Bids for Bresnan Emerge


The potential sale of Bresnan
assets is moving forward,
with initial bids emerging in what many executives
in the cable financial community
believe will be a popular auction.

And though bidding is expected to be
strong, some of those executives fear that
Bresnan’s solid operating history and the
fear that Comcast — which owns 30% of the
MSO — may eventually exit, will pressure
deal multiples downward.

Sources familiar with the auction said preliminary
bids were still coming in last Friday
afternoon and that participation has
been robust.

“They are getting a lot of bids,” said one member
of the financial community familiar with
the process, which is still in its first round.

While Bresnan bids were still coming in at
press time, it is expected that participants would
include major private equity players like Blackstone
Group and Bain Capital, as well as smaller
strategic players like Suddenlink Communications.
Comcast itself could bid on the rest of the
company it didn’t already own, but that is considered
to be highly unlikely. The bidders’ identities
were not known at press time.

Bresnan’s largest owner, Providence
Equity Partners, began investigating
its options regarding the cable assets
last month and, according to sources, hired
UBS and Credit Suisse as financial advisers.
The two investment banks have also
stepped up to offer debt financing of nearly
$1 billion to potential bidders that would
put the price of the deal, including equity,
well into the $1 billion territory.

Bresnan has about 320,000 subscribers
in Montana, Wyoming, Utah and Colorado.
The company has been a pioneer in offering
broadband and telephony service to
its mostly rural communities, which has
generated strong cash flow — estimated to
be about $160 million in 2009. But it is that
strong performance that may work against
the company in seeking a buyer.
“There is no upside [left],” said one cable
investment banker that asked not to be named.
“They’ve done such a good job managing it;
it’s already a really good asset. The question is,
how much more can you do with it?”
For example, according to the latest data
available, Bresnan in 2008 had high-speeddata
penetration of more than 31%, phone
penetration of 18% and 8,000 commercial
customers. That, some observers said,
doesn’t leave much room for growth.

In addition, some people in the financial
community added there is a risk that some
bids may come in low because potential buyers
cannot count on Comcast maintaining its
30% position in the company indefinitely.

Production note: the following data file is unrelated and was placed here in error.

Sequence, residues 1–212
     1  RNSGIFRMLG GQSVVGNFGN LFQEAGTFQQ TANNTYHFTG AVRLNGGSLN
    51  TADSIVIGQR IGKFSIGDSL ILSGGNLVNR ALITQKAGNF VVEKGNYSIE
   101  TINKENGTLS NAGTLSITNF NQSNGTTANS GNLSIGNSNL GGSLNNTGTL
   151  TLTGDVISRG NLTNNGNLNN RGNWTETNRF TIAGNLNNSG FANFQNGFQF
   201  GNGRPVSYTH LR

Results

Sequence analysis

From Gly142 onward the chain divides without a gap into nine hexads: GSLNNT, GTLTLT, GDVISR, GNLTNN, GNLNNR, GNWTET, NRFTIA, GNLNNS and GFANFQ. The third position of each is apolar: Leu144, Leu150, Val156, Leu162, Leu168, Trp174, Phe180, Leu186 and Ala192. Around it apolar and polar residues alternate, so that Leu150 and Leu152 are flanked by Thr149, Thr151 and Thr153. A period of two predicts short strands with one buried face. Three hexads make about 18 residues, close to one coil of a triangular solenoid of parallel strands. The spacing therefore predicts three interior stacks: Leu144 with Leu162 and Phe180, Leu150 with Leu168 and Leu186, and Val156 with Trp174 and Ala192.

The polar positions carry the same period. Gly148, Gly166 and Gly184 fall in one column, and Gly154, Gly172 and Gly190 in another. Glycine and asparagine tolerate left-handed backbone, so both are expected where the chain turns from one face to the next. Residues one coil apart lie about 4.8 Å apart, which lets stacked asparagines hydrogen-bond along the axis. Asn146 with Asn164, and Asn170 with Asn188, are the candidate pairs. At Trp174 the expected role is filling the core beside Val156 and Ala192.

The Comcast relationship is key, mostly to financial players who have no other cable assets,
because its arrangement with the nation’s largest
MSO provides Bresnan with programming
discounts. Without those discounts, Bresnan’s
programming costs would skyrocket, affecting
future cash-flow generation.

Comcast has given no indication that it
would exit the Bresnan partnership, but it
also is logical to assume that the company
may want to exit sometime in the future.
And it is that uncertainty that could affect
bidding prices.

“You can’t model in to this valuation being
able to exit and sell the Comcast programming
discounts,” the cable finance executive said.
“Eventually, you are going to lose them.”
Comcast declined to comment.

While some executives in the cable community
said the Comcast relationship and
Bresnan’s operating history could keep deal
multiples down, others pointed to the UBS and
Credit Suisse staple-financing commitment
(which is about 6 times Bresnan’s 2009 cash
flow) as one factor that could push them up.

According to another cable executive who
asked not to be named, the 6 times staple
financing, coupled with the standard 30%
equity commitment in deals of this type,
would easily push sale multiples to about 9
times. That’s well above public-market valuations
of 5.5 times to 7.3 times and in line
with private-market targets of 8 times to 10
times cash flow.

As far as the Comcast commitment,
they point to past deals where the
loss of such a relationship was not
a deal killer. Carlyle Group paid about $2
billion in 2005 to take Insight Communications
private, fully aware that Comcast
intended to sever its 50-50 partnership (it
did in 2007). Earlier this month, Crestview
Partners and Mid Ocean Partners paid an
estimated $400 million (8 times cash flow)
for a 42% equity interest in Insight.

Another factor that might boost multiples
is that Bresnan has little or no competition
from telcos, which could lead to greater
growth potential in data services.

And any talk about lower-than-expected
pricing could be posturing on the part of potential
bidders, said one cable executive who
asked not to be named.

“They are all going to try to pay as little as
they can,” said one cable executive of potential